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Tuesday 22 August 2017
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What She Said! with Christine Bentley & Kate Wheeler on The Jewel Radio Network.

Transformers Review | Anne Brodie

Transformers: Age of Extinction
Written by Ehren Kruger
Directed by Michael Bay

Opens June 27
Runtime: endless
MPAA: PG
Country: USA Language English

Rating 2/5

How often can Hollywood expect people to pay to watch piles of metal fighting and exploding? Simple question. I sawT4 in a packed screening and at the end the kids cheered, no doubt because finally there was a clear win and lose and the thing was finally over. These kids were seeing the film free of charge and there were prize packs to be won. I wonder if anyone would cheer in a regular screening, or would they be more likely exhausted, drained, bored, annoyed and keen to get away from the din of its charmless, debauched destruction porn?

Michael Bay has created something new and awful, the fourth in the ultra-rich franchise based on a Hasbro toy, determined to destroy sense and logic once again. It is nearly toxic, a three hour assault on the senses with so little on its mind, so little to offer us. At first it’s passingly fun. Bay’s fevered dream is in part, sweetly sentimental and human and rural, for that matter. But once it heats up, it’s little more than a broken bleak future of noise and deconstruction, metal and might, explosions and stereotypes, an expensive jumble of imagery and nonsensical dialogue that depletes us.

Thank God for Mark Wahlberg and Nicola Peltz who plays his daughter. They are the sole redeeming elements of this mess – to a degree. They are father and daughter on the verge of losing their idyllic farm when they unwittingly bring an illegal transformer onto their property, attracting the attention of the government and greedy industrialists. Then the battle between the bots and whatever. Two and a half hours of pointless sound and fury.

Wahlberg knows its crap but he gives it all he’s got because he has a solid work ethic and cares about his reputation as a team worker. Peltz is strong, a real presence with star power, but naturally, as the plot moves forward the writer forgets about her and just gives her screams and moans as the damsel in distress. The voice acting is underserved by surprisingly bad tech. It’s a jumbled, incomprehensible mess.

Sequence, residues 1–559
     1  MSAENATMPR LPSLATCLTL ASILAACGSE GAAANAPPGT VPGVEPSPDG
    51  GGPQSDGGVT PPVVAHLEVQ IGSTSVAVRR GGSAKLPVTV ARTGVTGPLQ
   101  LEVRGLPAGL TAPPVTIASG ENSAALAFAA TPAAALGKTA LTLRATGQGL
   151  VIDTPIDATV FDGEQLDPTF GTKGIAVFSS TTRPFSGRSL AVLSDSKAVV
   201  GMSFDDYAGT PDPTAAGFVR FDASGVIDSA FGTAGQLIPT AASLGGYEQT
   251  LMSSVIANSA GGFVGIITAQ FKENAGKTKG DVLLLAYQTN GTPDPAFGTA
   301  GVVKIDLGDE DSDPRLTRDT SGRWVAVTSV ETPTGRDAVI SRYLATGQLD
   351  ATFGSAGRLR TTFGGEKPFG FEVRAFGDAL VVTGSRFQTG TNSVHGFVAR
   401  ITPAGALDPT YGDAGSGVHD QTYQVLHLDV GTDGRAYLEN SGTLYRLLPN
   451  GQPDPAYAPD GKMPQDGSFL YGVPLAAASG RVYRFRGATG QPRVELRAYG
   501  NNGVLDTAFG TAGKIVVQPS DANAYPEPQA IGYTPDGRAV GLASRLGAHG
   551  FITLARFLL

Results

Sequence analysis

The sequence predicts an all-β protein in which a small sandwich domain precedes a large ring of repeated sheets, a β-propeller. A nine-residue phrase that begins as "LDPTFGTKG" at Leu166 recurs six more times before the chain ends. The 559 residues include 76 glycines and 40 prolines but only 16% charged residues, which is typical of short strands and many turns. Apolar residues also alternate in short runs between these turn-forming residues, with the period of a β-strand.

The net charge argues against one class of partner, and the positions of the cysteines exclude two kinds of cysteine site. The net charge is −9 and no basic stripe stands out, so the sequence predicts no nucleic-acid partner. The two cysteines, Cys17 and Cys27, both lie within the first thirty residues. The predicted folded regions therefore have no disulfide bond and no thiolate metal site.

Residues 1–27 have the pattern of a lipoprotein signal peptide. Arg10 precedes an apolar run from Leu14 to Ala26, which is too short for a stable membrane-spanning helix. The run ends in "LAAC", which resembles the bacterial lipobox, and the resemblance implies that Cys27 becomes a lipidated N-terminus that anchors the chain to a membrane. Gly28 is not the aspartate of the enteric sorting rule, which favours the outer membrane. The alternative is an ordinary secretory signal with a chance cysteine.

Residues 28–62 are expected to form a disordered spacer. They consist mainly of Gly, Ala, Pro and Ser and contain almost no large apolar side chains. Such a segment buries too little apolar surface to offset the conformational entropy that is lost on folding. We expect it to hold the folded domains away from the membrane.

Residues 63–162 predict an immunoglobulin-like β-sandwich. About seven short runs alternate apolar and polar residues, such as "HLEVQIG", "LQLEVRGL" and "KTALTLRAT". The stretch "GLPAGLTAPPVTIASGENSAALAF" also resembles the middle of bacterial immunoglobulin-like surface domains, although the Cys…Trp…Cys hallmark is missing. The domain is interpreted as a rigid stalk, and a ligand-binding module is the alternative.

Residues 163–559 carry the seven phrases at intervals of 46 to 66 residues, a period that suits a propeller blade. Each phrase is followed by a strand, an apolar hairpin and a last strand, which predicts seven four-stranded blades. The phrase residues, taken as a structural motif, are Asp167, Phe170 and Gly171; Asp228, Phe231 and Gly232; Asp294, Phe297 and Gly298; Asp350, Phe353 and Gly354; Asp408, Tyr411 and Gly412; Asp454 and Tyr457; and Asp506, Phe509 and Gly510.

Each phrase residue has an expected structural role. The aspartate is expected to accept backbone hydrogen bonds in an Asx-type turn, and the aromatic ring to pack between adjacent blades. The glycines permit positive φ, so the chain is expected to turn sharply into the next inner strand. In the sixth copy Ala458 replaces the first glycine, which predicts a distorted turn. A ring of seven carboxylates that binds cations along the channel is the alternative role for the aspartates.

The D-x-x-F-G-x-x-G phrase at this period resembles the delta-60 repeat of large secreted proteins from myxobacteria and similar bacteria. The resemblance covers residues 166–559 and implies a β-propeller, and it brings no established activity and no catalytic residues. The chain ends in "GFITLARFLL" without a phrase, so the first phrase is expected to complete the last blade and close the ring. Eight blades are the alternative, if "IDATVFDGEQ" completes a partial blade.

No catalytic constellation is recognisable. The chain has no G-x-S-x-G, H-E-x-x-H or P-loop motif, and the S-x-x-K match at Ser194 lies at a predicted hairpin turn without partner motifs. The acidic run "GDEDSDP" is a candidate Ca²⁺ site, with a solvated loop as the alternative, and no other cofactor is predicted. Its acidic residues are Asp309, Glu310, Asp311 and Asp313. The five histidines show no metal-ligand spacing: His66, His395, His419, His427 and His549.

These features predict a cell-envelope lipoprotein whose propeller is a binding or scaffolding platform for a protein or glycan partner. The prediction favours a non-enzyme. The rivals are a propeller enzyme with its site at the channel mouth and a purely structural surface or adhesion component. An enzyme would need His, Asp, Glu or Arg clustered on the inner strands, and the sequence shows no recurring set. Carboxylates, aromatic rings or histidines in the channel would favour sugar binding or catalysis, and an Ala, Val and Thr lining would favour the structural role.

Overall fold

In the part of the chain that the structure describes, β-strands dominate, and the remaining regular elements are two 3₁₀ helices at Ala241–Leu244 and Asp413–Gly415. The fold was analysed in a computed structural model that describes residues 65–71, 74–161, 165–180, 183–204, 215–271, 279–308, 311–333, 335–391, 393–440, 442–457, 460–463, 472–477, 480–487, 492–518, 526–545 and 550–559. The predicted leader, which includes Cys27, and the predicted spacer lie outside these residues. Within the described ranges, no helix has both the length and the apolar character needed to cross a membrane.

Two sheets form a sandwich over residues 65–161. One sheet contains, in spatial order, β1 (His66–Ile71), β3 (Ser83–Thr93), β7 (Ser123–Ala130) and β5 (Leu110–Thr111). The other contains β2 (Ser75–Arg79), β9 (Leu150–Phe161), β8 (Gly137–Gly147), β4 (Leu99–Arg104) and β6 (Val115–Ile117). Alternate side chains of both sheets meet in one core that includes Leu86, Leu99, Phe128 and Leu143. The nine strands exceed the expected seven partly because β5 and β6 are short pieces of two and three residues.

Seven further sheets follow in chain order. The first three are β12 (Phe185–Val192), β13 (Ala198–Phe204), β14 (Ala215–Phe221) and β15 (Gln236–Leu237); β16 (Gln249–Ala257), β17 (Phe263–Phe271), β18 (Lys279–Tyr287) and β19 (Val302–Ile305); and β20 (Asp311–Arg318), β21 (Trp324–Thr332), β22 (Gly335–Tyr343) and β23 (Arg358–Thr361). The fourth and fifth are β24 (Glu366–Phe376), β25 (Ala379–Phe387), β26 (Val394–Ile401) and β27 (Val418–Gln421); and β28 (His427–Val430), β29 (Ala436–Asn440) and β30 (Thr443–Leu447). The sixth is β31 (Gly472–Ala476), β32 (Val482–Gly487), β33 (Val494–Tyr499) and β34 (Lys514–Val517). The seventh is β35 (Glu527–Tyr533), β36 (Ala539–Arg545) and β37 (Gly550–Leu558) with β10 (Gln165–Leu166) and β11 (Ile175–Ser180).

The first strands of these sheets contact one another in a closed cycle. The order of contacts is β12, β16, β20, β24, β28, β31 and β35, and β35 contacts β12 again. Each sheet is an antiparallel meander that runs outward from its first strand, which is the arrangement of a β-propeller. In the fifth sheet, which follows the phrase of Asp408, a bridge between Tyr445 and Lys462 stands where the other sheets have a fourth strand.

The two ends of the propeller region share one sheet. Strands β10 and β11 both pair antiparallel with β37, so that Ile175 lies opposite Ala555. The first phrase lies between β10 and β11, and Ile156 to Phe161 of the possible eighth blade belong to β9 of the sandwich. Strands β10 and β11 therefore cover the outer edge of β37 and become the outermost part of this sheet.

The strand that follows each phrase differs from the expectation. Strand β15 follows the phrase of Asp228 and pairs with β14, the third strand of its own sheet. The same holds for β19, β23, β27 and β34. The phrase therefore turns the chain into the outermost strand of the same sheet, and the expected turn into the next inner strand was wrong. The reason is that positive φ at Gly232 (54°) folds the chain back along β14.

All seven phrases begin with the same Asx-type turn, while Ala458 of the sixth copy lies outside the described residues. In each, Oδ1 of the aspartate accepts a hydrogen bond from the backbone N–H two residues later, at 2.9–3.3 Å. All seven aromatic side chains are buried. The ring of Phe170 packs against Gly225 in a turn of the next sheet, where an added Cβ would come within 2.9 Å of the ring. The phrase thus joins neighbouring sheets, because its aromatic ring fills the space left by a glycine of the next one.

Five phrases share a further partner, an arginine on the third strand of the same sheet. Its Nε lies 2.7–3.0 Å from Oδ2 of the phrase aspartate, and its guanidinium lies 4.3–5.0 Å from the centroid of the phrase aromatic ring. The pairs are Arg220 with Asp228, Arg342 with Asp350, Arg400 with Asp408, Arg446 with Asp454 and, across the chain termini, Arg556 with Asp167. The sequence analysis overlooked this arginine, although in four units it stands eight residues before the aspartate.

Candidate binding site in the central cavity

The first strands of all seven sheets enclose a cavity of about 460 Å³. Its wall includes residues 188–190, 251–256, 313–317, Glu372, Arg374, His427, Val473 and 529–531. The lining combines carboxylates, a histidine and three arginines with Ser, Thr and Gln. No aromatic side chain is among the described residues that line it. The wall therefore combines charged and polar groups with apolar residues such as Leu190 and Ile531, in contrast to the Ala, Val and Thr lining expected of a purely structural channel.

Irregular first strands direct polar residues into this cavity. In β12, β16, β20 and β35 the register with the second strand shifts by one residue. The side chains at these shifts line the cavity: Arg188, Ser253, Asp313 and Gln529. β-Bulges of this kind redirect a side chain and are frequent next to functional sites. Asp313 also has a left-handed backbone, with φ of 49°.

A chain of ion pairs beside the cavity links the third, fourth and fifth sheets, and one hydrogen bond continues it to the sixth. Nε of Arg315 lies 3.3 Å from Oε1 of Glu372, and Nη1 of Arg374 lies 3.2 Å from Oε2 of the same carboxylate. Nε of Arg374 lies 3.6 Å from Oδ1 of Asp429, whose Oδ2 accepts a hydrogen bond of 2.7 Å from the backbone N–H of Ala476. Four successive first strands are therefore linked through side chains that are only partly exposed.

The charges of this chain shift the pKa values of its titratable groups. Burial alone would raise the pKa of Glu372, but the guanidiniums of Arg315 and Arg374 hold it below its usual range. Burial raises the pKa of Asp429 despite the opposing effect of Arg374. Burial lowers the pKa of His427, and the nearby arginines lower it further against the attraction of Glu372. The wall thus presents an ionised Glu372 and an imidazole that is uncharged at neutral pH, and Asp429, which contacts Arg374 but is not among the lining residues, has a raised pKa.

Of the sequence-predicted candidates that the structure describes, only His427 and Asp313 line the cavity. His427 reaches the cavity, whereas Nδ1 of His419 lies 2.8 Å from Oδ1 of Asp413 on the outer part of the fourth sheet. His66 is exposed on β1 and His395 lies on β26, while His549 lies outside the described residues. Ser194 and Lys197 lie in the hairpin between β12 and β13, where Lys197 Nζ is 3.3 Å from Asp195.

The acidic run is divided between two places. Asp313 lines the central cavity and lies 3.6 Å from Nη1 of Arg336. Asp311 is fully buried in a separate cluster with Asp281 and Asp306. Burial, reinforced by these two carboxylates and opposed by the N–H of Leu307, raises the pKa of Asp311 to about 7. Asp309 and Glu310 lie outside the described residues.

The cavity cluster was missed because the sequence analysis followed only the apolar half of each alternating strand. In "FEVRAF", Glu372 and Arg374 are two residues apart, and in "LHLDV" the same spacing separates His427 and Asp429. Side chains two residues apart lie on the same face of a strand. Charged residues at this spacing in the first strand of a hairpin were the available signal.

Deathless prose from all, human and bot alike is unintentionally hilarious, when you can understand it, or at least mildly diverting. “My face is the warrant!” I can’t remember any more of these chortle-worthy lines because my brain was put into a blender for three hours. But I do remember feeling that we and Hollywood are doomed. This is the kind of stuff at which is throws money – proven formulas. T4 will no doubt be one of the biggest films of the summer and it’s not worth five cents in creativity, authenticity, humanity or depth. At least these films are expensive so they don’t come out too often.

Because this is one of the worst films in living memory. It insults us.

The franchise is freakishly popular. How much of the box office comes from the frenzy that creates mass hypnosis and suckers ticket buyers? How are people expected to like this kind of dreck? Do kids agree on what’s cool and then subject themselves to the party line and go see this and then lie about how great it was? Peer pressure? Or is this the kind of artistic sensibility that results from two generations of video game playing?

At least there are nice beauty shots of Monument Valley, Hong Kong, China, wherever they shot the Arctic scenes and good old US of A farmland. And I like Mark Wahlberg. And that’s as far as it goes.